Part of fantasy basketball is forming a team using the predictable stats in a way that maximizes your roto points or head-to-head category wins. Another part is getting the less predictable stats right more often than your competition, whether that means you’re benefiting from an increase in value or avoiding a decrease.
It’s early, but I thought I’d take a look at what the biggest differences are in this season’s stats versus last season’s by using the ESPN Player Rater averages (per-game).
Aaron Gordon. This season’s highest leaper.
First, a quick detour while I’m talking player rater. Here’s something it teaches us that we should keep in mind. Many people think of rankings as linear. Like, the best player is the same amount better than the 5th player as the 5th player is better than the 9th player. Not so, and we see the difference especially among the top few players when we look at their overall rating. Like with most data sets, there are outliers. That’s these fantasy stars. The top five players with their per-game ratings in each of the past two seasons:
- 21.24 – Stephen Curry
- 17.53 – Kevin Durant
- 16.39 – James Harden
- 14.47 – Russell Westbrook
- 13.50 – Chris Paul
- 18.15 – James Harden
- 17.40 – Russell Westbrook
- 16.94 – Kevin Durant
- 15.50 – Stephen Curry
- 15.36 – Anthony Davis
After the top players, the next few are all separated by less than a point, and then the next few hundred are only separated by small fractions of a point. This makes the top 5 or 10 players so much more valuable than many people realize.
Now, I believe ESPN calibrates their ratings such that 0.00 is the NBA average in any category. It stands to reason that a total value of 0.00 would then be an average NBA player. In most leagues, only the top third or so of all NBA players are rostered. Over the last two seasons, that makes it look like the best free agent would have a rating of about 2.00. I say this to point out that 15-16 Curry plus a replacement player (say, Jared Sullinger) was roughly equal to Paul George plus Draymond Green, the 12th and 13th ranked players. The curve leveled out at the top a little more last season, but still, James Harden plus replacement-level Al-Farouq Aminu was generally as valuable as Mike Conley plus Rudy Gobert, the 21st and 22nd ranked guys. My point here is that it’s almost always worth going for the top players in 2-for-1-type deals, since you wouldn’t likely have to give up as much as what the cost should be. Don’t be afraid to offer a 2nd and a 3rd round guy for a 1st round and a 5th round guy. You’re probably coming out ahead, depending on your team needs.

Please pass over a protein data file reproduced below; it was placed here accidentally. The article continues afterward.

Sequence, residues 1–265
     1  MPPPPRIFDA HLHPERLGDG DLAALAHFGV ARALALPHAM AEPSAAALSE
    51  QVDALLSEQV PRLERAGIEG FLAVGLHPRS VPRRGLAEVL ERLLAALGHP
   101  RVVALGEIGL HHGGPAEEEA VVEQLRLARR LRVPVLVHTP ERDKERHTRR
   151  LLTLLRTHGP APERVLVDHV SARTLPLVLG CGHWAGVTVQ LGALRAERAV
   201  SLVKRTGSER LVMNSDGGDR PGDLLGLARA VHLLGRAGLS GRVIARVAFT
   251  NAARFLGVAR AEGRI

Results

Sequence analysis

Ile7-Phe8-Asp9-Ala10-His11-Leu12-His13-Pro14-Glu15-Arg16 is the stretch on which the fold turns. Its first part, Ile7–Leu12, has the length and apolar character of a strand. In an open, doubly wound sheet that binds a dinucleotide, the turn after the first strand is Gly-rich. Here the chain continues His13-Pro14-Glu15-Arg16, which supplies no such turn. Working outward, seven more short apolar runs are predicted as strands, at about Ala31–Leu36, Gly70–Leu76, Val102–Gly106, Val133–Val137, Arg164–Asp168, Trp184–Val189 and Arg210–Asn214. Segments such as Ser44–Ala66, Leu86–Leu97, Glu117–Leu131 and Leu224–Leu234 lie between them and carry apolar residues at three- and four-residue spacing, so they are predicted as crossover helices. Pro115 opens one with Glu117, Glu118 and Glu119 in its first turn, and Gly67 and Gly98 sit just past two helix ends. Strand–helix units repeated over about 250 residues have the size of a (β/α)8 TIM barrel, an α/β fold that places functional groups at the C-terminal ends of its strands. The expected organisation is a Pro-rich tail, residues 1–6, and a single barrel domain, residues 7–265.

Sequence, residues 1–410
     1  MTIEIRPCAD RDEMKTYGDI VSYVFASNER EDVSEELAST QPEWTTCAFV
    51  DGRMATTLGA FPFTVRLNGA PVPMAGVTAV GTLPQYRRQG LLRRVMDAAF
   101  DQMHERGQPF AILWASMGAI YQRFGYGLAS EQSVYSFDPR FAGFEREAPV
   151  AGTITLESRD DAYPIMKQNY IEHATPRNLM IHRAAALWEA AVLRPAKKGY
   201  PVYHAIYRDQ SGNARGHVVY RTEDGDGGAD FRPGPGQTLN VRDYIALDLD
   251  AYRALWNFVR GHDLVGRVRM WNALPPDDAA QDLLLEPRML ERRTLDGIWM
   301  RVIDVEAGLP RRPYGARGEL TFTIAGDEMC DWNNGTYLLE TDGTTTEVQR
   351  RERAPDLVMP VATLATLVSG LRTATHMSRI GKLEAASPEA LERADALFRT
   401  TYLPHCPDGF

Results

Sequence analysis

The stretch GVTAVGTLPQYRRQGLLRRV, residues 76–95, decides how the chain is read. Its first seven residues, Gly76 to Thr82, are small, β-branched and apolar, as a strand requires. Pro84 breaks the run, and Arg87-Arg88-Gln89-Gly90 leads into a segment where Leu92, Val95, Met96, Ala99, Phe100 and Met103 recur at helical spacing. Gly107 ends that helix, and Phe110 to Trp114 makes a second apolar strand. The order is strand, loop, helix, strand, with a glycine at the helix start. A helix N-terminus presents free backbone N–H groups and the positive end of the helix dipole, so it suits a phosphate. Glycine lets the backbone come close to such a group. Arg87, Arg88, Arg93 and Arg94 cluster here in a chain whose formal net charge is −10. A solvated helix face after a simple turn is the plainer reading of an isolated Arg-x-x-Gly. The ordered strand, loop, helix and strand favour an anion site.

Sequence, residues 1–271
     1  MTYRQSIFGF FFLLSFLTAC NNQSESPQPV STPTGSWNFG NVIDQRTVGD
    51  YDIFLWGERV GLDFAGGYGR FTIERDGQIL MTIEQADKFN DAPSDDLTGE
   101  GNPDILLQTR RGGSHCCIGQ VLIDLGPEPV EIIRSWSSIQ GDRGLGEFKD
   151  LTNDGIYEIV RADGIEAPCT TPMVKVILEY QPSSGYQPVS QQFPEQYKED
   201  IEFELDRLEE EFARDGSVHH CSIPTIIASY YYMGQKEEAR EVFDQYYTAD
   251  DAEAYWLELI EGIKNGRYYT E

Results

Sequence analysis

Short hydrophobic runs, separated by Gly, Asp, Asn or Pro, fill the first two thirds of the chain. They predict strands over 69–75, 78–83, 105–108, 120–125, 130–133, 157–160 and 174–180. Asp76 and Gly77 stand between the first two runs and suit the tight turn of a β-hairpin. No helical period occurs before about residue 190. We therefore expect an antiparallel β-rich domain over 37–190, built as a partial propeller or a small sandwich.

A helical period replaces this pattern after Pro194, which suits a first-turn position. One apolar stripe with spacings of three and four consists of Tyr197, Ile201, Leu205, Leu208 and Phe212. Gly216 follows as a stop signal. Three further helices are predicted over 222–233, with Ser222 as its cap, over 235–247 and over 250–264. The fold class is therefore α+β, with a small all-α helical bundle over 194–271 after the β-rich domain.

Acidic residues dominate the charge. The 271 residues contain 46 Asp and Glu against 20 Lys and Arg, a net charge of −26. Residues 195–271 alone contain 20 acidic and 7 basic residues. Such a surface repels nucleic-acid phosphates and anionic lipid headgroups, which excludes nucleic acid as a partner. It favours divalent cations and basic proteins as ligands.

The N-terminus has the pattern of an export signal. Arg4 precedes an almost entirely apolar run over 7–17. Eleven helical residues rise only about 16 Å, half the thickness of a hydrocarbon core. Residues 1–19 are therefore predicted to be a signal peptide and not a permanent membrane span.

Okay, back to the changes. Remember that this season’s sample size is still too small to tell us much (great and terrible games are heavily influencing the averages), but that means we can take some gambles while the consensus on what’s sustainable hasn’t been reached yet. The following lists are based on per-game stats in 8-category leagues (no turnovers) through 11/7. I whittled this down to relevant guys that have played at least a handful of games and made notes where there may have been a temporary reason for an improvement from last season (possibly making them sneaky sell-highs). These temporary reasons don’t necessarily mean the player will regress to their previous baseline, but they explain much of the change. The rest of the players are either doing what was expected because of an offseason change or they MIGHT just be off to hot start that won’t end. Or, if they’re on the second list, they’re down without a ton of hope for recovery, unless they started the season in a huge shooting slump. Best to check their FG% to see if that explains it.
Notable increases in order of positive change in value:
Andre Drummond – FT% improvement, but he’s dropping after 0-7 on Wednesday
Domantas Sabonis – Turner was out
Kelly Oubre Jr. – Morris was out
Evan Fournier – Payton was out
Dejounte Murray – Parker will continue to miss time
DeMarcus Cousins – AD only missed a couple games
Denzel Valentine – LaVine still out a while
Jakob Poeltl – Jonas missed 4 games
Jeremy Lamb – Batum’s been out
Enes Kanter – can’t imagine Noah hurts him much upon return
Otto Porter Jr. – Morris was out
Eric Gordon – CP3’s been out
Notable decreases in order of negative change in value:
Dwight Howard – fellow FT% brickers improved, so his % compares even less favorably
So, regarding that second list, I’d feel good about holding or targeting the players in a shooting slump, but the rest… well, can you still get anything close to their draft-day value for them? It’s not looking great. Don’t be afraid to cut bait on some of these guys that are struggling to stay in the top 100 (or 200). How much could it possibly hurt you in a worst case scenario if you cut Wade or Dieng loose?
And you, Westbrook, those freebies have got to start falling soon, right?
This week’s classic fantasy line:
In honor of this week’s theme of trying to figure out which changes are legit, here’s the best example I can think of where a player took significant leaps in years two, three, and four (and beyond, really). This is Jimmy Butler, 30th pick in the 2011 NBA Draft. I’m guilty of generally being too slow to trust someone drafted outside the top 10 or so, but that’s where you’ll find some of the best free agent pickups in their 2nd or 3rd season. Some of this was spurred by Derrick Rose injuries, but this is the kind of player we want to identify as his role is increasing as he’s greatly improving.
“I’m gonna work so hard that one day… one day… I’ll be in some sort of holiday office building comedy.”